If you think that’s complicated, well then you’re right. But it’s worth the effort to adhere to the culture. Because this is culture. This is the culture that you’re looking to experience on your travels. It’s profound and meaningful and heartfelt and all that shit you read about in other peoples’ travel accounts. While we’re on the subject of the things you need to surround yourself with, let me mention beer. Beer is an important component of anyone living the vanlife who is worth their coffee grounds. You must always have beer with you, but not just any beer. It must be local and packaged with artsy, vaguely irreverent designs that remind you life is for the living and that we shouldn’t take ourselves too seriously. Have a beer! they’ll tell you, and you will, because you don’t take yourself too seriously. But if someone shows up with a 30-rack of anything, f*** that. Don’t talk to them. We’re into craft beer here, not that soulless, materialistic, life-draining pisswater that most of the country drinks.

So now you have your coffee and your beer, what are you going to put it in? What are you going to put everything in, including yourself? You need a car/truck/van/mobile-camping vehicle. This is the vehicle that will define your trip and your subsequent experience, so you better make sure you get just the right one. Actually, that’s not true at all. It’s best to start with whatever you have already. Why waste time and money building the perfect setup when you could be having experiences? If you’re reading this, you probably already have a Subaru or small truck anyway, and that’s good enough. Throw in a sleeping pad and a bag of clothes and your climbing gear and some cooking supplies and a cooler full of craft beer and an acoustic guitar and some books and your computer and a few snacks and some mix CDs and your bikes and a dog and, depending on the season, maybe some skis too and all the clothes and extra equipment that that entails and then fill ‘er up with gas and head out on the road! Simple!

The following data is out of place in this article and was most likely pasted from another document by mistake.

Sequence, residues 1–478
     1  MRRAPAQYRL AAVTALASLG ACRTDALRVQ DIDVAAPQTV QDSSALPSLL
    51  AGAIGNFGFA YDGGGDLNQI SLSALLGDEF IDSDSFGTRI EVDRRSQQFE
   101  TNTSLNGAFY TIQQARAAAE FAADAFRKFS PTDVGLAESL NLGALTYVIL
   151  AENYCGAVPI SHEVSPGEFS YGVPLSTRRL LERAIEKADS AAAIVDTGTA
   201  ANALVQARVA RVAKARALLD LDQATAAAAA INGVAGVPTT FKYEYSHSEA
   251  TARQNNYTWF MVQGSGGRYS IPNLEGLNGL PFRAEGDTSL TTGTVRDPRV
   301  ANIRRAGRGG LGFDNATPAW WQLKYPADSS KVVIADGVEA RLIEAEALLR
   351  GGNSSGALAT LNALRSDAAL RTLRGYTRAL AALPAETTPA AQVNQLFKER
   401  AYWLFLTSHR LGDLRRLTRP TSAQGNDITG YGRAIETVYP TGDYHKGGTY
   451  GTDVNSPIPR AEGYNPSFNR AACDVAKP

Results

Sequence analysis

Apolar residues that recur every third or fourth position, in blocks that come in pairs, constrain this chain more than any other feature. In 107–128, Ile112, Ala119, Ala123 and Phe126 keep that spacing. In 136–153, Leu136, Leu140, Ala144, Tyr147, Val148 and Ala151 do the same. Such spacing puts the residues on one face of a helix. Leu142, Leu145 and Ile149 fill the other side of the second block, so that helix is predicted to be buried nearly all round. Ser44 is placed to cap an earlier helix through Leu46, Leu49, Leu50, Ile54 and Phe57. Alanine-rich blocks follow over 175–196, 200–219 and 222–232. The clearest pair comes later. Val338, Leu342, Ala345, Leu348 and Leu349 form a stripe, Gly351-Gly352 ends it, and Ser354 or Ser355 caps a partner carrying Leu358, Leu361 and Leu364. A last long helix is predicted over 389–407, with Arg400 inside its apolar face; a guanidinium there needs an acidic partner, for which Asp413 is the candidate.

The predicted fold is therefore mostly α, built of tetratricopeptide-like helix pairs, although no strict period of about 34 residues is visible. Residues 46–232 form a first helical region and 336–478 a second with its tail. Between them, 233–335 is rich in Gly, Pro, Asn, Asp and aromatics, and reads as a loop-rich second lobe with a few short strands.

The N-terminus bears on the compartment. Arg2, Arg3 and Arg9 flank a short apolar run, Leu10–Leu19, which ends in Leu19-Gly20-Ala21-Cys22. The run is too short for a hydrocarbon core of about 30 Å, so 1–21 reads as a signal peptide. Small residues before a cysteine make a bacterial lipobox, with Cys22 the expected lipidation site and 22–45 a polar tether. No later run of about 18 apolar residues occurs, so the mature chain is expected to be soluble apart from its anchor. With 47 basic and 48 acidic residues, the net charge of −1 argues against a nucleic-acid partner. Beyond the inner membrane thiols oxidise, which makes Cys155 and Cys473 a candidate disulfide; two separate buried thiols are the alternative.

Now listen–let’s settle down for a second and recognize that things aren’t always going to be just great. Sometimes you’re going to run out of coffee and not be near a town. After a few days you’ll probably snap while digging through your bags, unable to find anything, and start throwing all your stuff around until you finally manage to surface with your bra or that damn spoon you’ve been looking for since last week and it was in the stupid bed why the hell was it in the damn bed? And where did these f***ing crumbs come from? This is all part of the truck-camping experience and should be blown out of proportion as much as possible. High energy and emotion lead to strong memories, sometimes even to good ones, and memories are what you’re looking for. They are what we collect as a society and which give us value in life, in the same way that fast cars and big houses give us value. You can get competitive about memories–whoever has the most memories of crazy stuff and stories of meaningful moments wins. Don’t ever lose this competition, even if you have to make it all up.